I'm thinking about texture atlas generation where I'd have to choose the dimensions of my atlas, constrained both by my sprites and by the maximum texture size of the current platform.

Given that, is there any drawback to using a rectangular texture over a square texture, assuming the dimensions are still a power of two? For example, is there a difference between using a 64x256 texture and using a 128x128 texture?

  • \$\begingroup\$ Related question: gamedev.stackexchange.com/questions/26187/… \$\endgroup\$
    – Dan
    Jan 13, 2013 at 17:12
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    \$\begingroup\$ For what it's worth I don't think the above-linked related question is actually a duplicate (there's a close vote against this question for exactly that reason); the related question asks why powers of two are used, this question asks for a drawback to non-square textures, and I don't think the answers to those questions would be the same. \$\endgroup\$
    – user1430
    Jan 14, 2013 at 21:20

1 Answer 1


Short answer: no, there's no drawback.

In early 3d hardware there used to be some aspect ratio limitations, where you could do 32x256 or 256x32 textures, but not, for example, 256x4. I have no idea why this limitation existed (probably to simplify interpolators or some such), but current 3d hardware has no such limitation.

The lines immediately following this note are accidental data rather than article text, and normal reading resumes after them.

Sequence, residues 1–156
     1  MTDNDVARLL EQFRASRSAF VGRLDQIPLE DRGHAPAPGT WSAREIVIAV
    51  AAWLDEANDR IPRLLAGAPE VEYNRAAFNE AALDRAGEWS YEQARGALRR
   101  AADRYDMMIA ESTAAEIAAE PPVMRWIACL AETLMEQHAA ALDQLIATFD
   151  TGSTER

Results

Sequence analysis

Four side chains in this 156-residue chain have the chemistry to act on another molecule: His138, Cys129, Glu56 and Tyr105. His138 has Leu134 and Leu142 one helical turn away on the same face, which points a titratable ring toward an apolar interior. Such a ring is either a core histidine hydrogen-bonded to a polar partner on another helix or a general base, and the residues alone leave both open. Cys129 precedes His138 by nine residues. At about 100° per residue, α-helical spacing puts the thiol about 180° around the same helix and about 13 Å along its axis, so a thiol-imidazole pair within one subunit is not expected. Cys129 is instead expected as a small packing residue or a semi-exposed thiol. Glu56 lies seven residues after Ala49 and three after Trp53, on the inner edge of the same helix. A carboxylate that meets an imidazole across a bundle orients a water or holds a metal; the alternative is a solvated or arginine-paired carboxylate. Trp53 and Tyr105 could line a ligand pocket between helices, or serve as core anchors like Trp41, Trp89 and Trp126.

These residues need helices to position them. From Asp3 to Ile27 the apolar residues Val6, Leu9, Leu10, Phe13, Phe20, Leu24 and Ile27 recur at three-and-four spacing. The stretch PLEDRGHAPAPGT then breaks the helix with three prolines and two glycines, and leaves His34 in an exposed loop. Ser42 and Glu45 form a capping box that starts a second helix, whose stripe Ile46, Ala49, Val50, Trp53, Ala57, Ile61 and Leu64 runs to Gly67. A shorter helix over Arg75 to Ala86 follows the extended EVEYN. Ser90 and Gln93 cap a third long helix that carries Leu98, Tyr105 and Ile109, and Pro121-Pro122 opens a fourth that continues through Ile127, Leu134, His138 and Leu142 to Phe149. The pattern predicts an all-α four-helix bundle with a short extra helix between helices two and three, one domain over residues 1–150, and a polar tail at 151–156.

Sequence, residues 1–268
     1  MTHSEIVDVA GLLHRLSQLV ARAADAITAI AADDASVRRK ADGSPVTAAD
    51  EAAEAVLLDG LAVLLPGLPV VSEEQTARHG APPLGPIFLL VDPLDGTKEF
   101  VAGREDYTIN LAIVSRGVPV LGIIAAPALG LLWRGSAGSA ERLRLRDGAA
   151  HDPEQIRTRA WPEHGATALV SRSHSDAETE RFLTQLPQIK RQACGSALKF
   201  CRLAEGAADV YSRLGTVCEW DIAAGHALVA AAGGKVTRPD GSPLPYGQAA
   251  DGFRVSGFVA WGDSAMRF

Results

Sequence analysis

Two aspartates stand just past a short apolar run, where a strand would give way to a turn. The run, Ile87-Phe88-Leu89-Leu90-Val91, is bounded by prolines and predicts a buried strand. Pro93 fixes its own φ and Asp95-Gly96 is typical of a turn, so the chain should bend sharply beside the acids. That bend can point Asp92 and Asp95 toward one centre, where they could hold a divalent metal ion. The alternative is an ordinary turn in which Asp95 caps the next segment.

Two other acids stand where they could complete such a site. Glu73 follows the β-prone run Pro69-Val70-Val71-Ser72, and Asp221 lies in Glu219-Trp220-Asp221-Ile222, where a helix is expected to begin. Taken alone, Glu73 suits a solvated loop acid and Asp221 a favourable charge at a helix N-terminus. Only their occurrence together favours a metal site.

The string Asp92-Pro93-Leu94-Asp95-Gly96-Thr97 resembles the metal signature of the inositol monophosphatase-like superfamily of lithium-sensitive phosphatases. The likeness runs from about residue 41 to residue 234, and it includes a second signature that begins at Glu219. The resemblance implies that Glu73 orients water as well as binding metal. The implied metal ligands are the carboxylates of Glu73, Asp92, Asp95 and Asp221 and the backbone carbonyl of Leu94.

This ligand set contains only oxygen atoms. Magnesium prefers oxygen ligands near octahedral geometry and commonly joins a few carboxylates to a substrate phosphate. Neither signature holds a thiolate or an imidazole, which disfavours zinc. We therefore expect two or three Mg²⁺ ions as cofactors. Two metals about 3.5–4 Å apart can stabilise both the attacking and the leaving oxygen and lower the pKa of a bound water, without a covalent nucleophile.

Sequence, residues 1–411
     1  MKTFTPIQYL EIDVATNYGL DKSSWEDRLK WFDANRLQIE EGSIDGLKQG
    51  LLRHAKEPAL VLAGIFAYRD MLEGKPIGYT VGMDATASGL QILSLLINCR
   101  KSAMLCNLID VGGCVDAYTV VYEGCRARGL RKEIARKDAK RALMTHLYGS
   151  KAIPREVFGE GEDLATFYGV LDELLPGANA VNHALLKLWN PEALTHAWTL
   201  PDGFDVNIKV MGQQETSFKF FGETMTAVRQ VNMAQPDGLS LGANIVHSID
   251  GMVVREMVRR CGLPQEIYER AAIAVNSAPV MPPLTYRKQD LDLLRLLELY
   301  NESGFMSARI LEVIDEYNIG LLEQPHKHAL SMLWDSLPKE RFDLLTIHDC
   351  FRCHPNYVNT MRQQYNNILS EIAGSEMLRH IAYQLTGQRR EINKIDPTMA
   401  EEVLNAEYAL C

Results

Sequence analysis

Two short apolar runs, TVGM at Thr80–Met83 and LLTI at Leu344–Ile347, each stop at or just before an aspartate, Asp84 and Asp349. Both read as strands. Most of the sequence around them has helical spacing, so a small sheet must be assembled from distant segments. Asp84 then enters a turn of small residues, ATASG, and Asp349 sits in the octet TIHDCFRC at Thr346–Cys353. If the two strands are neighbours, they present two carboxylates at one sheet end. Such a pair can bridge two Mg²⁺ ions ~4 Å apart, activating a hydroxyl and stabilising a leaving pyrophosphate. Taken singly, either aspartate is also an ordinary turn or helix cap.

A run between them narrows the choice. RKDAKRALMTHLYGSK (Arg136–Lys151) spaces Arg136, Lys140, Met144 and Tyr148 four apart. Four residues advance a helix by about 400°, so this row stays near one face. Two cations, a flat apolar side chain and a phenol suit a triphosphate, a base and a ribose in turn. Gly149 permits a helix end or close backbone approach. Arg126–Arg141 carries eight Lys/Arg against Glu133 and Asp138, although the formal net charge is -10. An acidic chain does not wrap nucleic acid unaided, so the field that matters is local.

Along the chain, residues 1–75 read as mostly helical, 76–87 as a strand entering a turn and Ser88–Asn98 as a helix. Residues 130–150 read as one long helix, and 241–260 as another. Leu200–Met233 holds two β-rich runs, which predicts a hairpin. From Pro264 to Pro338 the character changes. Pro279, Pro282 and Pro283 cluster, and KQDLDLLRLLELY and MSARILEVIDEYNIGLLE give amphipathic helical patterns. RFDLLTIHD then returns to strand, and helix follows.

Do note that small levels of mipmaps may act slightly differently in non-square textures (as an example, 64x8 - 32x4 - 16x2 - 8x1 - 4x1 - 2x1 - 1x1, I believe).

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    \$\begingroup\$ I'm not saying I don't believe you, but some documentation from the major vendors with that detail in it would be useful. \$\endgroup\$
    – Tetrad
    Jan 14, 2013 at 22:07
  • \$\begingroup\$ To think of the most extreme example, a 8192x32 texture wouldn't be significantly worse than a more square-shaped texture? Since I'm relating this to texture atlases, that case would be if I decided to be lazy and just arrange all my sprites in one long row. \$\endgroup\$
    – Aaron
    Jan 14, 2013 at 22:19

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